Holy Innocents Church

Holy Innocents, 455 Fair Oaks, the oldest Episcopal church building in San Francisco, was designed in 1890 by architect Ernest Coxhead (1863-1933) for the pricey sum of $4,400. The lot cost $4,600, and the forebuilding was added in 1904. In the 1940s, the tower was changed from a spire and cupola to the current square belfry.

Architect Coxhead was born in Eastbourne, England. After London and Los Angeles, he came to San Francisco in 1890. Coxhead, with Willis Polk (1013-1019 Vallejo) and Bernard Maybeck (Palace of Fine Arts), changed the architectural image of San Francisco forever. Common materials were incorporated with classic designs to create worldly structures that honor the landscape.

Coxhead played tricks with scale, hugely enlarging a solitary decoration, or making a passage low and dark to give the illusion of great size and light in the space beyond. He created illusions with doors and windows. He used burlap and leather on the walls of the sanctuary. Sadly, however, they were painted over in 1892.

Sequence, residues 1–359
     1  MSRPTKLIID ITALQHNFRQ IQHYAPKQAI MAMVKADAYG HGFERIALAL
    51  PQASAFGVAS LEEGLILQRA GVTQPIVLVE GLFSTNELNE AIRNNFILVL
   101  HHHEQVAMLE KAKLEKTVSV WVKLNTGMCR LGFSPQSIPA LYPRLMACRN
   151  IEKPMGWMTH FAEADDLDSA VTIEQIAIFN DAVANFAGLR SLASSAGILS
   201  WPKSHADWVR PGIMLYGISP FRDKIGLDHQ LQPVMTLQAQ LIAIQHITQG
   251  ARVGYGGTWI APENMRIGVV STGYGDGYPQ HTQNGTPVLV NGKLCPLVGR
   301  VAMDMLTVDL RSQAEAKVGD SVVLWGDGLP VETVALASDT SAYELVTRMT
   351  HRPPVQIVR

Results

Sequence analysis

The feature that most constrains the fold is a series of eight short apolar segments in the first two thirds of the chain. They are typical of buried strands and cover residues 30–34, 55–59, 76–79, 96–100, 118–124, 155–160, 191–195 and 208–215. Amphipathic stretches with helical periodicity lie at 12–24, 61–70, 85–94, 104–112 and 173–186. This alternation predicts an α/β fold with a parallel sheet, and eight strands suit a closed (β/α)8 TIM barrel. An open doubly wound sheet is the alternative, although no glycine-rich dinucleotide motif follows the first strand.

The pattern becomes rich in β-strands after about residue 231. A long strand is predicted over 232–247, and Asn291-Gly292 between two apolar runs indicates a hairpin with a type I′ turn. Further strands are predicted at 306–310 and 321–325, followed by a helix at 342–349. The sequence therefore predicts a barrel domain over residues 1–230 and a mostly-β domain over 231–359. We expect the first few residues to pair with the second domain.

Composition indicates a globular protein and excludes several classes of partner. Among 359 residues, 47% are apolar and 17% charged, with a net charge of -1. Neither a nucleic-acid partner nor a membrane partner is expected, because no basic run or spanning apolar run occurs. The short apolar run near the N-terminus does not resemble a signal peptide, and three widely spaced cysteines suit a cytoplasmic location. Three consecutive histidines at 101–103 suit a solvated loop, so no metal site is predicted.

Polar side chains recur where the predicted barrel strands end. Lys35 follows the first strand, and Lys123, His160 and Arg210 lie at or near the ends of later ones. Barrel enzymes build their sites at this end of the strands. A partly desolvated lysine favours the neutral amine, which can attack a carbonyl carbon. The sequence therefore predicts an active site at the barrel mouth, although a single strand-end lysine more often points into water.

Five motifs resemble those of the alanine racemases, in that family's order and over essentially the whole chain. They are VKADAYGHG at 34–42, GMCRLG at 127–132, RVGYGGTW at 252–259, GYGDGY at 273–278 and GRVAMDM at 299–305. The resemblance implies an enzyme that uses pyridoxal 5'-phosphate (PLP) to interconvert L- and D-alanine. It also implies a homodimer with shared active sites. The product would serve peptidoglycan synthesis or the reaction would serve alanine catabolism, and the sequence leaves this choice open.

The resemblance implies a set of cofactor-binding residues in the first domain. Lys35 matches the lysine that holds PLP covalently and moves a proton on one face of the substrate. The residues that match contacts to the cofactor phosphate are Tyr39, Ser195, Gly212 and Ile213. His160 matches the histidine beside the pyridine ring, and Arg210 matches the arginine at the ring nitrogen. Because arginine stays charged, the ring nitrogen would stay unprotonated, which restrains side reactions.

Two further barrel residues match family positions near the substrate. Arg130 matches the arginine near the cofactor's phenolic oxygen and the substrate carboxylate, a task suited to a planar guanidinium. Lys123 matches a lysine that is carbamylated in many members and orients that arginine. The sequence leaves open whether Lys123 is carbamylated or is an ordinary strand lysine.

The funeral for James Rolph Jr. was held at Holy Innocents on a cold and rainy day in June, 1934. The widow was dry-eyed. “Sunny Jim” had served as Mayor from 1912-1931 and then as Governor of California. The house he grew up in is located nearby at 3416 21st Street with a wonderful view of the Mayor’s beloved City Hall.